Leslie said she’s “still reeling a bit” from Layton’s death and hasn’t stopped to really think about a leadership bid of her own. But she’s honoured that others are encouraging her to run.

“I’m not saying I’ve ruled it out but I haven’t even had a chance to breathe and think about it.”

Both Chisholm and Leslie could be handicapped by the fact they are not fluently bilingual.

Chisholm, who is currently in a French immersion program in Quebec, called his French “a work in progress.” Leslie said she can speak French but conceded: “I can improve … It’s not beautiful.”

Mulcair stunned many in 2007 by winning a Liberal stronghold in Montreal to become the NDP’s first MP from Quebec in almost 20 years.

His tireless networking is credited with laying the foundations for the party’s landslide victory in the province in the May election.

His experience of Quebec politics will loom large given that more than half of the NDP’s caucus comes from the province.

Already a consensus is emerging within the NDP that the next leader should be bilingual and able to build on Layton’s appeal in Quebec, a notion Mulcair made no effort to refute on Tuesday.

“He would obviously be a very serious candidate if he decides to run,” said Hugo Cyr, an NDP adviser and law professor at the Universite de Quebec a Montreal.

“He is very much appreciated in Quebec, and is very much appreciated by the members. He has charisma.”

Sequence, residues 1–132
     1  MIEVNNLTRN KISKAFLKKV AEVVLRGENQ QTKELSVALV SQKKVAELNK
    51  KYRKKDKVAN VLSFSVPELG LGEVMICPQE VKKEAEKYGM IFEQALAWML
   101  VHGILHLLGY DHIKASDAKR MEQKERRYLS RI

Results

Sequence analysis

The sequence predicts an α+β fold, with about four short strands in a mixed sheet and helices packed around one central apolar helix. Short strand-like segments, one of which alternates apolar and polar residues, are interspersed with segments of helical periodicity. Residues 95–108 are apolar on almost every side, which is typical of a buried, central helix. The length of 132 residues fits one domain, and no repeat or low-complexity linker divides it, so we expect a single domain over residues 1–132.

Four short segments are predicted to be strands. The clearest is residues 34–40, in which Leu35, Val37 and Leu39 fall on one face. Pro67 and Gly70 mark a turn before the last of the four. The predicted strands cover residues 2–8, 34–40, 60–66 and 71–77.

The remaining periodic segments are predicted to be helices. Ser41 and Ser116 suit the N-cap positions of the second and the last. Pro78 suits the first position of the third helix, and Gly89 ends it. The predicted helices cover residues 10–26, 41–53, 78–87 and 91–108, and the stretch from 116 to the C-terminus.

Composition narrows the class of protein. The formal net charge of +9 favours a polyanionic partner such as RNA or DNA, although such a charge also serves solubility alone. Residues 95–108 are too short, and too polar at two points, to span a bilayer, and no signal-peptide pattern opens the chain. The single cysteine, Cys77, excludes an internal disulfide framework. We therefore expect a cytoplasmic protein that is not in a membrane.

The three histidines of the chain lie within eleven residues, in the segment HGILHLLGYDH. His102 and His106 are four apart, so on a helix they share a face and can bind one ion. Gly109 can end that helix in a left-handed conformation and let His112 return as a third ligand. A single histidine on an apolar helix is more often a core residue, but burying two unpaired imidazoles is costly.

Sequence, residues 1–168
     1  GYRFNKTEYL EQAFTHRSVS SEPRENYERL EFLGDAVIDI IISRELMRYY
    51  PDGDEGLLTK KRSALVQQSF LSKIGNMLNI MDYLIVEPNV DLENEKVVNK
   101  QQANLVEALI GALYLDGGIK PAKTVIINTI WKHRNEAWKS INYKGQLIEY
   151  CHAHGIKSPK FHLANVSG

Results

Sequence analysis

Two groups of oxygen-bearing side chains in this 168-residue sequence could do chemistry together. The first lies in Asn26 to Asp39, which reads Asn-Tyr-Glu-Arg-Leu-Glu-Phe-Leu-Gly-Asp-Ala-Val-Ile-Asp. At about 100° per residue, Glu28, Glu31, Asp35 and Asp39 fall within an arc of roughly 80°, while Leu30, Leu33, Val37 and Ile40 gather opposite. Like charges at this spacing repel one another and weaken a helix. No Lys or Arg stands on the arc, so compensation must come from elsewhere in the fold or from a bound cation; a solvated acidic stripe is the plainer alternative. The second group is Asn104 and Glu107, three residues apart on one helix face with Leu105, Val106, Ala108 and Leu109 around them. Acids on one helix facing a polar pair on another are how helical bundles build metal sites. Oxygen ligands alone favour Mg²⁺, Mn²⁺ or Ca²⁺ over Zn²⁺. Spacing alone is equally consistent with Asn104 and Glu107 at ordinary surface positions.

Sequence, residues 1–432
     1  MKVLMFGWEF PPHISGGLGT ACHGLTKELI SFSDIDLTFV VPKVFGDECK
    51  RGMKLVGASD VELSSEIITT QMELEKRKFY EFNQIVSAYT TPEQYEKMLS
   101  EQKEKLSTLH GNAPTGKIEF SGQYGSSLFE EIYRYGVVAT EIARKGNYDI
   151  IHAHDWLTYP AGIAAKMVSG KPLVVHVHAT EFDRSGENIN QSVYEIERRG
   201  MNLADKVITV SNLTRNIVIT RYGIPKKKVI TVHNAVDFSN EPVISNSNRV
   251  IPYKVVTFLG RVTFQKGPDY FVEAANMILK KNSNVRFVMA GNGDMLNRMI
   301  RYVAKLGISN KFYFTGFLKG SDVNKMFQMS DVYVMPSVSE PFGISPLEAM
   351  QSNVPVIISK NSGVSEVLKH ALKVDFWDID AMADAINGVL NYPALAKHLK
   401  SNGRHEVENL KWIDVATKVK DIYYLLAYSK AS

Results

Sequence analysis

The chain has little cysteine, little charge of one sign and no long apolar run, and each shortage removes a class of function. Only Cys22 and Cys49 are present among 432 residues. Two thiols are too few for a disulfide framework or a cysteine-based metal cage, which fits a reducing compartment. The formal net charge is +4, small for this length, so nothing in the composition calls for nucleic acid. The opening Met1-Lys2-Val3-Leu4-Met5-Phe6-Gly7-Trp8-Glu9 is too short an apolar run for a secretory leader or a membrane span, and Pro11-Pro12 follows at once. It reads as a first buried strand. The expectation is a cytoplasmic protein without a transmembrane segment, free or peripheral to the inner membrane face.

But Cyr added that being from Quebec could also be a liability for Mulcair, depending on the rules of the leadership race.

Quebec, after all, has the fewest NDP members of any province.

Mulcair’s bid faces a number of other challenges — he has little profile outside of Quebec and has a reputation for being prickly and hot-tempered.

But Mulcair is also one of the few in the NDP caucus to possess cabinet experience, having served as Quebec’s environment minister in the early years of Jean Charest’s Liberal government.

Get local stories you won't find anywhere else right to your inbox.
Sign up here

Just Posted

Education Minister Adriana LaGrange says she has not received an official request from any other school board for a similar move to online learning. (Advocate file photo)
’Operational pressures:’ Calgary schools shift to at-home learning for grades 7 to 12

School boards can ask to move online for a number of reasons

Russian President Vladimir Putin visits the Coordination Center of the Russian Government in Moscow, Russia, Tuesday, April 13, 2021. The centre was set up as a line of communication with the whole of Russia for analysing and collecting information, promptly using big data and solving arising problems. (Mikhail Metzel, Sputnik, Kremlin Pool Photo via AP)
Months after hack, US poised to announce sanctions on Russia

First retaliatory action against the Kremlin for last year’s hack

FILE - NHL Commissioner Gary Bettman speaks during the “Topping Off” ceremony of the New York Islanders new home, the UBS Arena at Belmont Park in Elmont, N.Y., Friday, Oct. 9, 2020. THE CANADIAN PRESS/AP-Mary Altaffer
Islanders close to selling out inaugural season at UBS Arena

Arena capacity of about 17,000 for hockey